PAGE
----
- The Washington Times - Saturday, January 17, 2009

Dana Perino, the face of the Bush administration for the past two years, followed her boss off the stage Friday morning with a final news conference, another incremental step toward Tuesday’s inauguration of President-elect Barack Obama.

The 21-minute affair began with a light-hearted goodbye slideshow by Mrs. Perino, who by turns thanked and roasted the press and also paid tribute to her predecessor at the podium, Tony Snow, who died of cancer last year.

Mrs. Perino, in what she said was her 145th briefing, took questions that mostly asked her to reflect on her time at the podium, but also a few on the conflict in Gaza, which she mostly deflected to the State Department.

And she gave best wishes to her successor, Robert Gibbs, who will assume her duties as White House press secretary Tuesday.

“Please go easy on him,” she said, pausing before adding, “for a week.”

When asked whether she perceived a bias in the media against the president, she said, “I don’t think I would always be asked about my feelings about liberal bias in the media if there wasn’t any liberal bias in the media.”

She added that “people that are covering the president out of here, and the presidency, strive so hard to be fair … [E]verybody in this room on a scale of 10, I give you a nine.”

But she said the rise of punditry and commentary has combined with falling revenues to threaten the health of journalism.

“I don’t think that journalism is dead, but I think that we all have a responsibility to make sure that it survives,” she said. “Let’s hope someone figures out a business model to keep you all in your seats.”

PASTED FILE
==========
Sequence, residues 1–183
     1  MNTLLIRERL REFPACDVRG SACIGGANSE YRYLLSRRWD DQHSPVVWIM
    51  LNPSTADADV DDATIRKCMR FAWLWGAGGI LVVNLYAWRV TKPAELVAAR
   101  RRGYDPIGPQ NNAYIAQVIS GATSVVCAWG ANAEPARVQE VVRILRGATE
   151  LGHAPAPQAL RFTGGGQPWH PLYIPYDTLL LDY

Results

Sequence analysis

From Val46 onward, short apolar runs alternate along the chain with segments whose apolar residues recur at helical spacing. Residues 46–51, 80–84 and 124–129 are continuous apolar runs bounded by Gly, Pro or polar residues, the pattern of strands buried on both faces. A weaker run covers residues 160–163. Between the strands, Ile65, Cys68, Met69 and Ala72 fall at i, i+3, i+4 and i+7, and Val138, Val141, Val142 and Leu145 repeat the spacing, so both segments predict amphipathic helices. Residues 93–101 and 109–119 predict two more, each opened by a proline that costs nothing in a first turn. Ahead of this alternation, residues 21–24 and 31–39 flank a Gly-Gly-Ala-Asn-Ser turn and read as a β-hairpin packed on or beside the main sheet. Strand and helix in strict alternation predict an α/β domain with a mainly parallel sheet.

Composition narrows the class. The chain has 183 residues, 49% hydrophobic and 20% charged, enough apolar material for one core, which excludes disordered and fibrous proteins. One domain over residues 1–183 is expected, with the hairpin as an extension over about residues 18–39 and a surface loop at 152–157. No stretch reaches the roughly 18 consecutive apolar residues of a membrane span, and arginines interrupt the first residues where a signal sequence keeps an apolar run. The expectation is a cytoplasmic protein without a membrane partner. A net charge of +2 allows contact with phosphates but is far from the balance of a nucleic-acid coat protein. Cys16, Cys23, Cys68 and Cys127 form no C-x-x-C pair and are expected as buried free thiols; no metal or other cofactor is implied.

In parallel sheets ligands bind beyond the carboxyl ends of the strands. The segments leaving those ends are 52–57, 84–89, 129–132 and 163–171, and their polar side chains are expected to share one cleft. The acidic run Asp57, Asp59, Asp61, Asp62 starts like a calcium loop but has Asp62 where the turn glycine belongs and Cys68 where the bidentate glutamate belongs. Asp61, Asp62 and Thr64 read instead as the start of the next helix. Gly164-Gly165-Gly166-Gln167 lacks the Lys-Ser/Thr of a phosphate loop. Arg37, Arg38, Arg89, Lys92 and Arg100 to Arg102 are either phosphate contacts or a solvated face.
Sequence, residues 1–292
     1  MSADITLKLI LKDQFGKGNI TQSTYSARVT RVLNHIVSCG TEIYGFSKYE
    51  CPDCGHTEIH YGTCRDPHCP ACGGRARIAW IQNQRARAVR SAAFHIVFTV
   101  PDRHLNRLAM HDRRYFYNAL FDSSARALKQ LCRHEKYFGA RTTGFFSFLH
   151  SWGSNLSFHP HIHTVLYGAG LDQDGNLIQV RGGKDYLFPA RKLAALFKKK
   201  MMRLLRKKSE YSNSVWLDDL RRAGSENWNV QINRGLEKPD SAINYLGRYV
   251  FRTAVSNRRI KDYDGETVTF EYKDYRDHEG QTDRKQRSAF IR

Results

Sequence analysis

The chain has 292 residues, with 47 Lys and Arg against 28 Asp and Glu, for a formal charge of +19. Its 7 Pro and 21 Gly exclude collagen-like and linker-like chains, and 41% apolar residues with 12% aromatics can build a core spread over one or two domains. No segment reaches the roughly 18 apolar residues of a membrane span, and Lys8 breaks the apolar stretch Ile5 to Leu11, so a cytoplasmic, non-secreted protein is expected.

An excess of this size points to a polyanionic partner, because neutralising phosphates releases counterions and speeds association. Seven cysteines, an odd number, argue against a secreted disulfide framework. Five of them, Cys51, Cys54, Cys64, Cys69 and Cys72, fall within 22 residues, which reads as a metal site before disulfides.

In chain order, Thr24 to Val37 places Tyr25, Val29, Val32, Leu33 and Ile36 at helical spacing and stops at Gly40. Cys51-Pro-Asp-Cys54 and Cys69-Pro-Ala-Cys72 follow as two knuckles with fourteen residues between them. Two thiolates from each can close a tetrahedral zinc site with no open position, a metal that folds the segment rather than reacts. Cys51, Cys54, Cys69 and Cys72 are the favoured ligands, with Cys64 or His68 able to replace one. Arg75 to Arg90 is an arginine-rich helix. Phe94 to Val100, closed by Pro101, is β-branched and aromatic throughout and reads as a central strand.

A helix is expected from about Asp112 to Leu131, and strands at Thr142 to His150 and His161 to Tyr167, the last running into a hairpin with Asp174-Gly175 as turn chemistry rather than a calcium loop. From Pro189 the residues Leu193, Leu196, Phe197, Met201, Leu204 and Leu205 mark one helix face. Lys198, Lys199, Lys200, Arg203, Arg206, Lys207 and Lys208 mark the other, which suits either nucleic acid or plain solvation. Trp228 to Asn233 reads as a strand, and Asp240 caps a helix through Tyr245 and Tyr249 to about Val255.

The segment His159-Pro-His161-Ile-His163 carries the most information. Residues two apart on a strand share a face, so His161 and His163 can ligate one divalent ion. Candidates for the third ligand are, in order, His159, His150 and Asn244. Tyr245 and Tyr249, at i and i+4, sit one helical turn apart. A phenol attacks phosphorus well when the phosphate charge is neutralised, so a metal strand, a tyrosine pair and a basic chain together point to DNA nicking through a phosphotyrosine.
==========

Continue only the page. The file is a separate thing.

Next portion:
Mrs. Perino is leaving the country Tuesday, after Mr. Obama is sworn in, with her husband, Peter McMahon, for a six-week trip. In February, she said, the couple will do some volunteer work in Cape Town, South Africa, at a project funded by the president’s HIV/AIDS relief program.

“I want to go and experience it firsthand and see how American tax dollars are being put to good use and come back and talk about it,” she said.

At the beginning of the briefing, Mrs. Perino showed a series of pictures of reporters and photographers at the White House and traveling with the president, and read a short humorous speech to accompany the photographs.

The last picture of Mr. Snow showed White House Chief of Staff Joshua B. Bolten tying a World Wrestling Entertainment belt around Mr. Snow’s waist in the Oval Office as the president watched, in a playful moment among men tasked with making weighty decisions each day.

“When Tony lost his valiant battle against cancer last summer,” Mrs. Perino said. “We all lost a world champion.”

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